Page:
The other main principle in discipleship is teaching. We are all called, as a church, to teach one another–not only the kids in Sunday school, but also all Christians at all ages and levels–how to live the Christian life. The new Christian, (and all Christians for that matter) need sound instructions on how to live the Christian life. We do not learn by magic or osmosis. Although the Spirit will lead, it is still our responsibility to learn and grow, and then to teach others! In most churches, there are some opportunities to be in Bible studies, and even teach. The focus must be to teach the basics first–how to study the Bible, how to pray, how to worship, essential doctrine, etc And, as we grow, how to be a Christian family, how to find God’s will, our conduct in the work place, discovering our spiritual gifts, leadership, and so forth. Then, the deeper expressions into the faith can be explored, along with accountability, and so forth.
We are all called to put our faith into practice! We now take the relationships, mentoring, and learning, and carry it out in daily life. This is often expressed in service projects and missions, but that is only a small, although necessary aspect of service. Service is how we live our lives and model His character on a daily basis to those around us! When we are in ministry, we need to realize, it is not what I do, but whom I can equip. As we practice by reciprocating what we have learned to others, we will also be built up!
All three of these principles collate and build into each other synergistically. Discipleship can be skewed and people fall away if any of these three principles are let go. We will lose valuable opportunities to share and teach one another if, as Jesus stands at the door and knocks, we are watching TV and ignoring His door. Remember, the focus is never the task in and of itself. Rather, it is the glory and worship of our Lord and the enabling of one another to do and be better at the Christian life. What we learn and do here during our short time on earth will echo throughout the vastness of eternity!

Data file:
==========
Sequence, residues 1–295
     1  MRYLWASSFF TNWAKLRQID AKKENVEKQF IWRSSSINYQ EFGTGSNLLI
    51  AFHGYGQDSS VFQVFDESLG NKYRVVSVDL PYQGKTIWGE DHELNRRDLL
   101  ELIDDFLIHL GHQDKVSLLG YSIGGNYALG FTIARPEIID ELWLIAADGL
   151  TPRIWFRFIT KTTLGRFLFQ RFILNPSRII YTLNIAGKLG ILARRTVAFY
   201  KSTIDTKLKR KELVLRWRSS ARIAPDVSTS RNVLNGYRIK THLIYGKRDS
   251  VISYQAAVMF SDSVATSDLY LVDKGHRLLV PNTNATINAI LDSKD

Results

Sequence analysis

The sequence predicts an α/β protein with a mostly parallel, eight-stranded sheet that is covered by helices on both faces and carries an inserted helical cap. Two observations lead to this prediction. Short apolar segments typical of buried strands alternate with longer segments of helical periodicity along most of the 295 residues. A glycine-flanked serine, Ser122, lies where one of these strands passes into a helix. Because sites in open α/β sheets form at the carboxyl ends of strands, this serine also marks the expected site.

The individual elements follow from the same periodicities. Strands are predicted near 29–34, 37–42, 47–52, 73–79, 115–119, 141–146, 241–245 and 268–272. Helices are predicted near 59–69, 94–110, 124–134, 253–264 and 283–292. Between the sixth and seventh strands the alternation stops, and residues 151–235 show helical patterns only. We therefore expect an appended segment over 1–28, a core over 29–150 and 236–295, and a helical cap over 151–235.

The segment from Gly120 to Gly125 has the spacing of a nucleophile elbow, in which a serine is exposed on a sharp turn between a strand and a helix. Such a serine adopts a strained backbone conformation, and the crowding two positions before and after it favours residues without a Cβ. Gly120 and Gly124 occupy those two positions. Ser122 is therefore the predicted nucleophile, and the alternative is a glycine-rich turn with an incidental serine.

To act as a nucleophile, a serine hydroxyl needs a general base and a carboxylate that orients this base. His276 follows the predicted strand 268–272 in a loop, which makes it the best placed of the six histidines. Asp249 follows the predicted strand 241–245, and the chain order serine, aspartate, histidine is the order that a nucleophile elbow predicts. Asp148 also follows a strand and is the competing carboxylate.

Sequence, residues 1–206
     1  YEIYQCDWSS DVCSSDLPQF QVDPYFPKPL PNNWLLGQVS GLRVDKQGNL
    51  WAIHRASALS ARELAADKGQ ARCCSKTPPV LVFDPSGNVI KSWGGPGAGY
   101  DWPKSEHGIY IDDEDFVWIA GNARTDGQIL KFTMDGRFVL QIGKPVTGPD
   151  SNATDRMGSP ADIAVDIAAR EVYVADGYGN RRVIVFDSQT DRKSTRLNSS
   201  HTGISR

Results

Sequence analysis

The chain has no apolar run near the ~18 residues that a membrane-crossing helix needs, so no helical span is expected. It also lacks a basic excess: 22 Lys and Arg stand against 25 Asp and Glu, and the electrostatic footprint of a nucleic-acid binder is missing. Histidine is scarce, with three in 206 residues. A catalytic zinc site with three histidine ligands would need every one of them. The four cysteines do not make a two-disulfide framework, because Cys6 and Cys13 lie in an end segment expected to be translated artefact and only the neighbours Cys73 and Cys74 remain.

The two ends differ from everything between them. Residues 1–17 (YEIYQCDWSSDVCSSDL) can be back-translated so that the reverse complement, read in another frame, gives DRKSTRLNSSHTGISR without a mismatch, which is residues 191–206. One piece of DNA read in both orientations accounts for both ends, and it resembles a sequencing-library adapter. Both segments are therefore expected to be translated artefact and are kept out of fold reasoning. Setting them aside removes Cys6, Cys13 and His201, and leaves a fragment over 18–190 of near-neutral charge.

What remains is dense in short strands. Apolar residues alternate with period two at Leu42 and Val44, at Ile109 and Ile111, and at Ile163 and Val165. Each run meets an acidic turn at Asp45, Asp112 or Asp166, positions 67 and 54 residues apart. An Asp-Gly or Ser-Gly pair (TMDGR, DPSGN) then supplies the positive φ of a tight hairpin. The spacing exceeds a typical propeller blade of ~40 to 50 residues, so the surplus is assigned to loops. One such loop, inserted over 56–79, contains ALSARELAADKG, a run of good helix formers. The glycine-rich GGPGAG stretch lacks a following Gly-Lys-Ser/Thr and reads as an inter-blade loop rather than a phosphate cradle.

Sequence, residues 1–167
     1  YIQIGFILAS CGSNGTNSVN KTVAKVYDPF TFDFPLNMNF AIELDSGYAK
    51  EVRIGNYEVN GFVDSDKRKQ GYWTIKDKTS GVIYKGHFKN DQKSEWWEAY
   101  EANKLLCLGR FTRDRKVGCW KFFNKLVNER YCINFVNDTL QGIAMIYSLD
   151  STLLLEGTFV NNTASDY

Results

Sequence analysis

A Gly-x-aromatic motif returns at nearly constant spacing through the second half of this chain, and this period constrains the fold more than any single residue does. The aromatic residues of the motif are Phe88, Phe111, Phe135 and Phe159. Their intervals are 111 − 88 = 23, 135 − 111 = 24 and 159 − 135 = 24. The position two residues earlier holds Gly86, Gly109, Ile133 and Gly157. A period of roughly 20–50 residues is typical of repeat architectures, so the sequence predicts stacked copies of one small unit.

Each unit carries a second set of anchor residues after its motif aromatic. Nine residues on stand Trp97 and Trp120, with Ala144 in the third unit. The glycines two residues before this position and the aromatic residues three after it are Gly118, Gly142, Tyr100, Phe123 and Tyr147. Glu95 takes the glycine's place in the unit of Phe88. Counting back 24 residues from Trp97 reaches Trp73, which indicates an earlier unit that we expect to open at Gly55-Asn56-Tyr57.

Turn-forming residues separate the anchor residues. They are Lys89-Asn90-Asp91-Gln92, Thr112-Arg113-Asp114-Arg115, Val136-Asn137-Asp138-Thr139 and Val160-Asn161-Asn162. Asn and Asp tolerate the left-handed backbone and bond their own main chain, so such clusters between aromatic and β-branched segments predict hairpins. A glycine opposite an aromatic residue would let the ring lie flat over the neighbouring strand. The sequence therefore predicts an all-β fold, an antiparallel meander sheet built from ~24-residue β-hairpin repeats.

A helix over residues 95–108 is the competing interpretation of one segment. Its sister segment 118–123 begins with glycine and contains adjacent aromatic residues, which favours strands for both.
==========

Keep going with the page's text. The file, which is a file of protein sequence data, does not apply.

Just as anyone can be a friend, anyone in Christ can disciple. We cannot expect only a select few to take up this call and imperative, and we do not need to be spiritual giants to do the work. We just need to be real in Christ, be willing to learn and grow as one of His disciples, and replicate our knowledge to others. Many people may feel anxious when it comes to reaching out, and it requires a big step of faith that many do not want to make. Therefore, the excuses pile on top and over our responsibility. That is a flaw in our human nature, our sinful nature! If we all just sit in the pew and expect someone else to reach out to others, we are slapping our Lord in the face. When no one reaches out, we are condemning others to feel and be lonely and isolated. We must reach out as a team effort, linking people with introverted personalities and who are reticent at interacting with others, with people who are more extroverted and that do not have this problem.
Take this to heart: Jesus never asked anyone to do anything without enabling them with the power to do it. Let this be you encouraging motive!
Some passages to consider on discipleship: Proverbs 18:24; Matthew 7:18-24; 19:28-30; 10:1-42; Mark 1:1-5; Luke 9:23-25; 48; Luke 14:26-27; John. 8:31; 12:20-26; John 14; 15; 1 John:5:3; 1 Corinthians 3:5-11; 2 Timothy 2:7; 1 Peter 3:15.